The shawl collar continued to be a popular design but with a deeper V opening. Some cardigans went so far as to open all the way down, lined with lapels on either side. They did not button close but instead were held in place by a loose belt or sash. The exaggerated length with long lapels contributed to the long and lean silhouette of the mid to late ’20s. Oversized collars made them young and childish, which also a fashion trend in the early ’20s.
Since women now bobbed their hair, the pullover sweater became fashionable. It was made of a thinner knit and often worn without a blouse underneath. Necklines were deep V’s with a long bow loosely tied at the bottom.
The sweater vest was a pullover or button up version of a sleeveless sweater. They were worn by women golfers or those who liked to look like one. The arm openings were quite large with a very deep V neckline and long fit. They were much more comfortable to golf in than layers of shirts and sweaters previously worn.
Colors and patterns in the 1920s exploded. From big wide stripes to all over Fair Isle inspired patterns sweaters now had personality. Orange, purple, black, yellow, and green were mixed and matched together. The color combinations remind me of those we saw again in the late ’60s and early ’70s.
You can read even more about 1920s sweater history here.
The early 1930s re-introduced most of the design elements of early ’20s sweaters with large shawl collars or small shirt collars, two front pockets, and buttons. They were a practical and no frills design that represented life in the depression era.
Sweaters as outdoor winter wear lost popularity to coats and jackets. Coats now could be lined, made thinner and waterproof, making them a better choice in wet conditions. Instead, sweaters and sweater shirts became a spring and fall fashion item. No longer bulky, a thin knit cardigan layered nicely over blouses and under warm coats if necessary.
By the mid thirties, styles became more beautiful, more feminine, reflecting a change in attitude from sad to hopeful. Sweaters were knitted shorter with modest high necklines and small collars or no collar a all. Sweaters were almost always a solid color without any contrasting trim. The beauty of the sweater was in the weave designs. Instead of the same stitched used throughout, the garment weaves now had stripes, checks and zig zags. A combination of weaves in one sweater was common practice. It gave the best fit, too.
The short barrel sweater was the biggest thing to hit the 1930s. It had a wide waist band to accent a small waist and a fitted but not too tight top with narrow sleeves. It came in long sleeve sweaters, short sleeve sweater shirts and sleeveless pullovers or button up vests. This short and fitted style was to remain popular for the next 30 years.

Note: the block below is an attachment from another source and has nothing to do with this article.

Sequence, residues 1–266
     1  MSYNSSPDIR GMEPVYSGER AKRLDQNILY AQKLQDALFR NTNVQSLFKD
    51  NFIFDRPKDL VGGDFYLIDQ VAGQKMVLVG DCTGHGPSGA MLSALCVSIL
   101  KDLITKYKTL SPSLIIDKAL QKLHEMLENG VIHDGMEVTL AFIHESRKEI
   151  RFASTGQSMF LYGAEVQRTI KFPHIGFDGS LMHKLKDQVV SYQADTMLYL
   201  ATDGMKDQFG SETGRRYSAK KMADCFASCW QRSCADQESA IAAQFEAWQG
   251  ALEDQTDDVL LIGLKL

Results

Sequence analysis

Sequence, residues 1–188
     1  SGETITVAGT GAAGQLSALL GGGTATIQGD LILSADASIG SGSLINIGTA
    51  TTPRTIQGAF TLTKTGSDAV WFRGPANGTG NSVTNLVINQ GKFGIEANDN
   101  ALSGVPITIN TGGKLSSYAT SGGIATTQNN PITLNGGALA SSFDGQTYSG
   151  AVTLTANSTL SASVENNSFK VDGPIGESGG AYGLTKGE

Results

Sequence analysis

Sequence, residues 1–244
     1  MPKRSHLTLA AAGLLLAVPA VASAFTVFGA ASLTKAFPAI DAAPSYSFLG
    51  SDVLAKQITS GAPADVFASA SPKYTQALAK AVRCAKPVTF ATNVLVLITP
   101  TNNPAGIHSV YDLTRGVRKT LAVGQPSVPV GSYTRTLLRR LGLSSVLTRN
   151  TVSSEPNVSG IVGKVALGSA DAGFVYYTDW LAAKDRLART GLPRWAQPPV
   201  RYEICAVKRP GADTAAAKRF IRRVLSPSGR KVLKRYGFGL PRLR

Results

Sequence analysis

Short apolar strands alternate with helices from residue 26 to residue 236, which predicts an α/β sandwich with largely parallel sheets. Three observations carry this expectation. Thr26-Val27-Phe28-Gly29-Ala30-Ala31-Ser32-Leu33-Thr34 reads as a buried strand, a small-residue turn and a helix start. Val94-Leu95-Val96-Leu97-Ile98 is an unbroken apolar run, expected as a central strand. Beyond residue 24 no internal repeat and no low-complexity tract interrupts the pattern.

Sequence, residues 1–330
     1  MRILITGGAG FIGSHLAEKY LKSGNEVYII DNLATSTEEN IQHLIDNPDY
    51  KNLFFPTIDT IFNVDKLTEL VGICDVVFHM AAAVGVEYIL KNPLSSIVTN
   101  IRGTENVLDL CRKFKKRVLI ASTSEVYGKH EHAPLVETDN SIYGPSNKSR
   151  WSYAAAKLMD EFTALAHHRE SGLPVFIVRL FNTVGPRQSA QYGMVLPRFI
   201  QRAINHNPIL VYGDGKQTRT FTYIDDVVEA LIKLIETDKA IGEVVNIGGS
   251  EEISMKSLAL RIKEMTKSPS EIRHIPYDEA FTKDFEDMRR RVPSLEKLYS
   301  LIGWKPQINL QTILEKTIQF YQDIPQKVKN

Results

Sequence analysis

Mostly Free Vintage Sweater Pattern Links
Buying a vintage sweater is next to impossible (and very very expensive). They just didn’t hold up very well to age, moths and washings. If you have the skills to knit or crochet a sweater these links will help you find some free or cheap vintage patterns.
– Hundreds of free patterns from 1900 on up. Search by decade or size
(knitting) -Endless amount of free books and patterns.
– Several basic sweaters scarves, mittens and more
1919 Sweaters and cardigan patterns free ebook
with several fitted sweaters
1920s Golf Sweaters and Cardigan Sweaters
1930s Short Sleeve Checkered Trim Sweater-
1934 Crochet pattern. Search this archive of old newspapers to find even more free patterns
– Classic ’30s style in one solid color
Search for any vintage sweater pattern. Both ebooks and physical books such as this for $3.50
Pinterest: Search here for links to free patterns online. Tto 100 free vintage patterns from the 1930s to 1950s. has pictures and patterns to browse.
60 original patterns from 1920-1949 reproduced and digitally enhanced with updated directions.
Vintage Inspired Sweaters
When you can’t knit a sweater for yourself, you can find new vintage inspired sweaters that will give you the vintage look but with updated yarn and fit.
1910s Style Sweaters: Chunky knit cardigans with big buttons may be easier to find in menswear, especially with the low hip length.
1920s Style Sweaters: Shawl collars, and V-neck button down cardigans are popular this year, making a 1920s style sweater easy to find.
1930s Style Sweaters:: Barrel fit sweaters are harder to find than a later 40s style but many of the 40s and 50s styles can also work for the 1930s.